How can any city or town ban fireworks? Unless there is a serious drought and fire threat, banning fireworks is completely un-American. Try not to justify such an unpatriotic act with some big community fireworks extravaganza. A kid is not a kid unless he or she has blown something up to celebrate the wonderful holiday.
The 4th means smoke bombs, firecrackers, cherry bombs and M80s during the day. Light a box or two of worms and launch bottle rockets with every thing you can possibly attach to them. Sit back in the evening, light fountains and roman candles. Run wild with sparklers in hand.
Sure, my mother worried about me blowing off fingers, but a few burns were valuable lessons when it came to handling anything explosive. My friends and I built all sorts of weapons. The best was our bazookas created by stuffing bored-out wood with roman candles. Fireballs would roar from our shoulders with terrifying speed and flame, but, oh, what fun the searing heat provided.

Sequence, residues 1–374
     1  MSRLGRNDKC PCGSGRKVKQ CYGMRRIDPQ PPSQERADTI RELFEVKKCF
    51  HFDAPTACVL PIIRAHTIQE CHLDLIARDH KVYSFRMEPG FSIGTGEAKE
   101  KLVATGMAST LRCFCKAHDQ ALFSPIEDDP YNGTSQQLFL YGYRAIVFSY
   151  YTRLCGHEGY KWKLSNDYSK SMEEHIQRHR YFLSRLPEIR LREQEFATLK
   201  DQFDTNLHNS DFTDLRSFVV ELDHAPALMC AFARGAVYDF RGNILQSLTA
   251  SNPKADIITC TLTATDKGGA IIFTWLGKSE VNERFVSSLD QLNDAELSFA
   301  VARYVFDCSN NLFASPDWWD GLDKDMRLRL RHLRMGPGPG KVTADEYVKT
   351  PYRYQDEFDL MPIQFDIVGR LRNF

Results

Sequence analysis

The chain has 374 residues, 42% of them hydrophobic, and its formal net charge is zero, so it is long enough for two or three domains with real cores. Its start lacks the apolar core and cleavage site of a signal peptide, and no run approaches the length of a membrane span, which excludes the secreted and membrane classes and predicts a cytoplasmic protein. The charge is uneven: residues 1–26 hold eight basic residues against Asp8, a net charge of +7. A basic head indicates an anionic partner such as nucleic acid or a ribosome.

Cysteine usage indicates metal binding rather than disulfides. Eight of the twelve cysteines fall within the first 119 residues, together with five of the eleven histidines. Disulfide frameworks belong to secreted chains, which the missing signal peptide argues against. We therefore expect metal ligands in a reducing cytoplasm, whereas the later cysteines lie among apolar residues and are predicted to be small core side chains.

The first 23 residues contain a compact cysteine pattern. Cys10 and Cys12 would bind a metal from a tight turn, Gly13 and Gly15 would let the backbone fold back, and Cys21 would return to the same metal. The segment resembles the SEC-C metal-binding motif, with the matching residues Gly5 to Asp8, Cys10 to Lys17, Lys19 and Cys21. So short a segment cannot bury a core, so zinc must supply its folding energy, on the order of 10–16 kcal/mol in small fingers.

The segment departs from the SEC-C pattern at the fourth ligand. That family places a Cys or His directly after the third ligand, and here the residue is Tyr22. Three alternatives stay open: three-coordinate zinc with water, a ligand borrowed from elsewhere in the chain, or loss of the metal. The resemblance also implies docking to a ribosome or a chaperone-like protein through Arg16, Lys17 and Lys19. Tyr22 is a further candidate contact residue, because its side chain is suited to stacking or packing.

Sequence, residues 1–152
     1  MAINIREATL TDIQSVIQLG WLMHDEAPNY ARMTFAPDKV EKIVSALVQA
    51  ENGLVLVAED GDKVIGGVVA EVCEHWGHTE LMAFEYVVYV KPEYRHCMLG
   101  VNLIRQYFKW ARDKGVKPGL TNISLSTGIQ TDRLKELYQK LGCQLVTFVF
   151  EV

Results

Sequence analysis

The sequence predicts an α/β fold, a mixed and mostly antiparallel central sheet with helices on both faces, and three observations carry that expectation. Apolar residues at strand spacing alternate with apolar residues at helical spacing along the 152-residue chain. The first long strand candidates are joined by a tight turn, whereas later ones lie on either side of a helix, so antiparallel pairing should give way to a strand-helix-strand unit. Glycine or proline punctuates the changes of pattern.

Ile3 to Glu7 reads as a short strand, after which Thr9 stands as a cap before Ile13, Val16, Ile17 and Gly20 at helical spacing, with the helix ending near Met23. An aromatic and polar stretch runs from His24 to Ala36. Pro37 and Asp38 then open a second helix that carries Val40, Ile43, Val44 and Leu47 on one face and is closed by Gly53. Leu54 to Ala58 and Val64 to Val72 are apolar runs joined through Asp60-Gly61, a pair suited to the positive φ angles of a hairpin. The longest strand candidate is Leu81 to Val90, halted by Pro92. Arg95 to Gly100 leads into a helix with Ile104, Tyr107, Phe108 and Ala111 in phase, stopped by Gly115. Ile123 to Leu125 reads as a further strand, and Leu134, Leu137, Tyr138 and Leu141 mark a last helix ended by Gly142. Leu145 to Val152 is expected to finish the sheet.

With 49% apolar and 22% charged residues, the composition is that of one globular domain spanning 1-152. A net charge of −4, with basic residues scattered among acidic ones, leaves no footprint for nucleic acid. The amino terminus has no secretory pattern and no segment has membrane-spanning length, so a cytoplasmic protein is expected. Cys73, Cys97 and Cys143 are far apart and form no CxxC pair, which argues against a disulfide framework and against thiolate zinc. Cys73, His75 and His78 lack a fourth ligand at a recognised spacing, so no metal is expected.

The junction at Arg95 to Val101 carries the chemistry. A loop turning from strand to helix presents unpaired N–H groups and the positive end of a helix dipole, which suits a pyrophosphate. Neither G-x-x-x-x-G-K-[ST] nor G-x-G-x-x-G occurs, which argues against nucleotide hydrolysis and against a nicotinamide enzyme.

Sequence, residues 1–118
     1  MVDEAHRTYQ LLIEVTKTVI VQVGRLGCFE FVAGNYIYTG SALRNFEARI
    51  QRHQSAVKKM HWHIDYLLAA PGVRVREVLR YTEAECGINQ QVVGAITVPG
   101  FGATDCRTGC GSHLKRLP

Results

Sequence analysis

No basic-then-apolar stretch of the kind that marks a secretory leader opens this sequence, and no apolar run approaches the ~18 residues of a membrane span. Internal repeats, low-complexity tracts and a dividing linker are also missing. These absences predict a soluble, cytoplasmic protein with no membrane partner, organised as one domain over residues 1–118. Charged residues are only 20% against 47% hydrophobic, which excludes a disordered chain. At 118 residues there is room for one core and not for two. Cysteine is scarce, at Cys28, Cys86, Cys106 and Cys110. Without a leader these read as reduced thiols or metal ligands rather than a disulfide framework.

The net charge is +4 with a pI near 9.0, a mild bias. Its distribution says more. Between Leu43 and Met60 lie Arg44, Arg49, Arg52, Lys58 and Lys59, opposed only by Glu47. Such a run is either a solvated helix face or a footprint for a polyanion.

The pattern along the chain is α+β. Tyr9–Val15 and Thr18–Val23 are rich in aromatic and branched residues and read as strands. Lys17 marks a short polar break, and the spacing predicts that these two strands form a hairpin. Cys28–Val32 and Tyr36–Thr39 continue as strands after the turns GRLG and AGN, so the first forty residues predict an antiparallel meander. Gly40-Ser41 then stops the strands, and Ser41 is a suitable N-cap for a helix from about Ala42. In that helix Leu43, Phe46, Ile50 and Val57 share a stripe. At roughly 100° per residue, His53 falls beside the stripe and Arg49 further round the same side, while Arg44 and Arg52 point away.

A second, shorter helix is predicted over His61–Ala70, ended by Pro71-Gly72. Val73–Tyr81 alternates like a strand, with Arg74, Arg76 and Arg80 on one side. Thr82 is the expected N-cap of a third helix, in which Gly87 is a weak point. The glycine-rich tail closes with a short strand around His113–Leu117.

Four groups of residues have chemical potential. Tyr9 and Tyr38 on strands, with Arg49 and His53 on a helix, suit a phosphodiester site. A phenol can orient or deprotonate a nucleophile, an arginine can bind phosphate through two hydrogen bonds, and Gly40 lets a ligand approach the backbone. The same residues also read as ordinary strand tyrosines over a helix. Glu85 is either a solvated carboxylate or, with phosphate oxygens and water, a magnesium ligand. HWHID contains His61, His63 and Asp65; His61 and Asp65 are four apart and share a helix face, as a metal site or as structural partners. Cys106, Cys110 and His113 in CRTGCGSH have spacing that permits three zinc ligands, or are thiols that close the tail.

Even in college, a friend and I launched carefully aimed bottle rockets near the customers at a Dairy Queen on 17th street from my friend’s second floor apartment terrace on Medford. Peering over the ledge we roared with delight over every incoming shot that never hurt a soul.
Call me a delinquent even in my adult years. Tonight Laura and I dug through our kitchen cabinet and found our cache of firecrackers, smoke bombs and toy soldiers for a firefight in the alley. This kid has grown up but will never grow old.
Happy 4th of July to you all. Hope you had just as much fun.